The first brand creation work where we retained an equity stake was Koru. This was the result of a partnership with Rapid Dissolve Technologies, a B2B supplier of edible strip products. Koru is a cult brand - a kind of Red Bull on a strip, giving people an energy hit faster than a drink. With Koru we created everything apart from the strip itself. The name, identity, packaging, POS, branding and advertising.
This has also been the case with our latest venture, Blott, a retail stationery concept aimed at children. Blott has been developed with the entrepreneur Chris Manson and the retail interior design company Raylian. My Agency has created the entire brand and designed more than 1,000 products. The first store opened in Tunbridge Wells in March, the next opens in Guildford over the summer and Blottshop.com has just gone live.
Blott has been the perfect business for us to be involved with as it is so design-led. The Blott merchandising team is based in our office. Being totally at the heart of running a retail business makes us think differently about the advertising and design we do for our other clients.
Nick Wright is the owner of My Agency
WIEDEN & KENNEDY
We invented a range of three novelty gifts in collaboration with Worldwide Co and Suck UK. These are available in boutique gift shops and chain stores including Paperchase and Hamleys.
The products are Happy Sacks, novelty bin bags including the "Christmas pudding" refuse sacks, Pass The Salt, a salt cellar with a friction motor in it, and Dan Wieden's Musical Ruler, a musical instrument that requires no technical expertise that can also be used to draw straight lines.
We designed the products and worked with manufacturers to transform the concepts into viable commercial items. We then licensed the ideas to manufacturers and distributors in return for a percentage royalty. We've sold more than 50,000 units so far, with a sales value of over £170,000, from which we take a cut.
We also launched Plot, a brand that takes interesting data and transforms it into wearable art. The first Plot launch was a range of necklaces.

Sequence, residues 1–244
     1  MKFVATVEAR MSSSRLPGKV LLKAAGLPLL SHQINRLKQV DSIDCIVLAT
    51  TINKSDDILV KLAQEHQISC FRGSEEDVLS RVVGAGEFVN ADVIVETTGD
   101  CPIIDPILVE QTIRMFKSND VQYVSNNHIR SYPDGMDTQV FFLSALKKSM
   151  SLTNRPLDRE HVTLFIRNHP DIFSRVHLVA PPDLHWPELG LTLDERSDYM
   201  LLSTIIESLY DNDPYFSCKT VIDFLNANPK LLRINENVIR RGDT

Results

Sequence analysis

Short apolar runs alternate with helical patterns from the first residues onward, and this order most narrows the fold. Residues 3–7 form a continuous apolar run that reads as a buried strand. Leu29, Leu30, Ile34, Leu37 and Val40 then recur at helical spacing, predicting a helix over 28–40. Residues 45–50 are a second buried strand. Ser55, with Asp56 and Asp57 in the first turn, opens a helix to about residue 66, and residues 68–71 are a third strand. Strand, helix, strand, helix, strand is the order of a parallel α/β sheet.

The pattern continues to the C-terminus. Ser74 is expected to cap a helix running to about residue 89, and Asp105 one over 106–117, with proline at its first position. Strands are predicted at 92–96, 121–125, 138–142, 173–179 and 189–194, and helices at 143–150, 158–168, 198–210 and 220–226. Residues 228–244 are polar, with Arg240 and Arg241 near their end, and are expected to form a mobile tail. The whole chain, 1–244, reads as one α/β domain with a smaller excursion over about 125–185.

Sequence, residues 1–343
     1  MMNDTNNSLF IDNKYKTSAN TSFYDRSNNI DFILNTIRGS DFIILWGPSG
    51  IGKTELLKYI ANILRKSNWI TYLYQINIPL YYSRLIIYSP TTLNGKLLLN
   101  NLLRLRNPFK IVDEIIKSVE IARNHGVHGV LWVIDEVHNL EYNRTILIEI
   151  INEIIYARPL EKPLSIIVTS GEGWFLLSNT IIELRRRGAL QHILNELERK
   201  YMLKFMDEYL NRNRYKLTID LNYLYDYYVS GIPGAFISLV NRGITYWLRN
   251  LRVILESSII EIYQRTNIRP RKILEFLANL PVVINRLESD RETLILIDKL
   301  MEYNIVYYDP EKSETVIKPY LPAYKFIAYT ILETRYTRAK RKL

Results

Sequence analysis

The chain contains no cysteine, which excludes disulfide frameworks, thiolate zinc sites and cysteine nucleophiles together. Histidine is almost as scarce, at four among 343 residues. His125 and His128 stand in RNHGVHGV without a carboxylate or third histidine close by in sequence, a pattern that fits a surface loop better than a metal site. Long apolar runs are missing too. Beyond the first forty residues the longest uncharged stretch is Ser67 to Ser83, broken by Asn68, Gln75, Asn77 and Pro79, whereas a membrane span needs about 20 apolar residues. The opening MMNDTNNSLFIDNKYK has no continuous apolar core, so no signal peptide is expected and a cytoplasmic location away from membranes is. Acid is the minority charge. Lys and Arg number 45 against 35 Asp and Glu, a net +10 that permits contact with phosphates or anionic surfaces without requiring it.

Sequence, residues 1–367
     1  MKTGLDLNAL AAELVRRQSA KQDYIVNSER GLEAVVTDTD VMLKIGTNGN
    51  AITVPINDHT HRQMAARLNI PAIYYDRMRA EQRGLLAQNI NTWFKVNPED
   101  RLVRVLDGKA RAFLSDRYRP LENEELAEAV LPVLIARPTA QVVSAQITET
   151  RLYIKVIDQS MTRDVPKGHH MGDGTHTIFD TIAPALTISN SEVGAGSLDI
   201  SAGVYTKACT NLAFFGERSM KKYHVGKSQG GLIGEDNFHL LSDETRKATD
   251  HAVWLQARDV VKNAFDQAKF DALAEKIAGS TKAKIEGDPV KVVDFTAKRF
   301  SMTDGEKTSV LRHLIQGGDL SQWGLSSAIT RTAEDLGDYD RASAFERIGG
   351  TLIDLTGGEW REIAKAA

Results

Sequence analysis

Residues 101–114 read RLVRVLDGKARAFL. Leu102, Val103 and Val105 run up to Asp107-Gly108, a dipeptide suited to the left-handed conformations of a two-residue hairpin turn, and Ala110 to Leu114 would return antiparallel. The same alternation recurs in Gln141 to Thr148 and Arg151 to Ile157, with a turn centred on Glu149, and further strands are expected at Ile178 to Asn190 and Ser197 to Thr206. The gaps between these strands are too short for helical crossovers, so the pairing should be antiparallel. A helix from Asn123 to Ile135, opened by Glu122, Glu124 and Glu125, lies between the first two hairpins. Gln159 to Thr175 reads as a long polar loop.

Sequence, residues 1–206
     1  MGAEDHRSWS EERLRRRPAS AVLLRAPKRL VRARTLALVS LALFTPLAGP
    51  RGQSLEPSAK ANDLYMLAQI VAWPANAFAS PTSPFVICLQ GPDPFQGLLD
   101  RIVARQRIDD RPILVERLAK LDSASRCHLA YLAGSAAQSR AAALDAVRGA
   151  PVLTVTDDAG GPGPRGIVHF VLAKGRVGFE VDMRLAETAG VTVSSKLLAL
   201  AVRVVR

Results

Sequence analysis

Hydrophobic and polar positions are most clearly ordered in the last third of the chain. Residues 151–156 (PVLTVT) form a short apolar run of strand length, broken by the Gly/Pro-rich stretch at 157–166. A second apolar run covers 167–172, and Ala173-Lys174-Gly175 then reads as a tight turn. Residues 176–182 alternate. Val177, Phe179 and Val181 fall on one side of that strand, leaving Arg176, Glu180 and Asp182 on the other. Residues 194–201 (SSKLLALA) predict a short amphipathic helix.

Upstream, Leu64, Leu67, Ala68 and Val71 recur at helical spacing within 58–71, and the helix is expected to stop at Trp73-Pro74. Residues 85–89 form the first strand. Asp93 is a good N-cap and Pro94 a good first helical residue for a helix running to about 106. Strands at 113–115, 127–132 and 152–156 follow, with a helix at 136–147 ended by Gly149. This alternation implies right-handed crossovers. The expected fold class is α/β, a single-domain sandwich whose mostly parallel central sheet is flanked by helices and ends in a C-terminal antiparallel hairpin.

Last year, we created an energy-saving/behaviour change product called Off/On to explore how we could persuade people in our office to save energy. The saved energy is used to power community projects in the emerging world. The trial has generated a lot of interest and we are now in discussion with partners about a commercial roll-out.
We have our own R&D/prototyping division, WK Platform, that is exploring what is "next next" in technology and communications.
We're a long way from the point where we can dispense with client work, but we're committed to continuing with projects of this nature. These initiatives have taught us to think about the commercial and practical applications of creativity. That directly benefits the way they approach our clients' business.
Neil Christie is the managing director of Wieden & Kennedy
THE BROOKLYN BROTHERS, NEW YORK
We launched Fat Pig Chocolate initially as an incubator brand. We developed it to test our theories in viral, branding and small budget (or no-budget) marketing. That, and we really like chocolate - and almost all organic milk chocolate sucks (something to do with the milk, apparently).
We went through a fairly extensive tasting test (a tough job but someone had to do it), and we looked at about 40 suppliers before we found the one who could match the taste profile we wanted, based on a Swiss recipe.
What we learned about product development, packaging and distribution improved our understanding of what clients go through. There's no substitute for experience when it comes to marketing - you quickly learn that the stuff we agency people obsess over is a tiny part of the process of taking a brand to market. Just try getting USDA organic certification, and you'll see what I mean.
So far, I'd say we've had moderate success. We turn a profit on every bar, though we won't be troubling Cadbury just yet. However, if Kraft wants to make us an offer, we'll certainly listen.
A quick Google search will reveal we've got about 37,000 different mentions on the web - from foodie sites to design blogs - and we encouraged further mentions and reviews by rewarding bloggers with free samples.
We've marketed it among celebrities through supplying the swag bags at NYC-based talk shows - the Bacon brothers liked it, naturally. And it's currently on trial distribution in Singapore and Denmark.
We also have it stocked in a few stores in the US. Finding a partner distributor is our next step.
Guy Barnett is a creative partner at The Brooklyn Brothers.
This article was first published on campaignlive.co.uk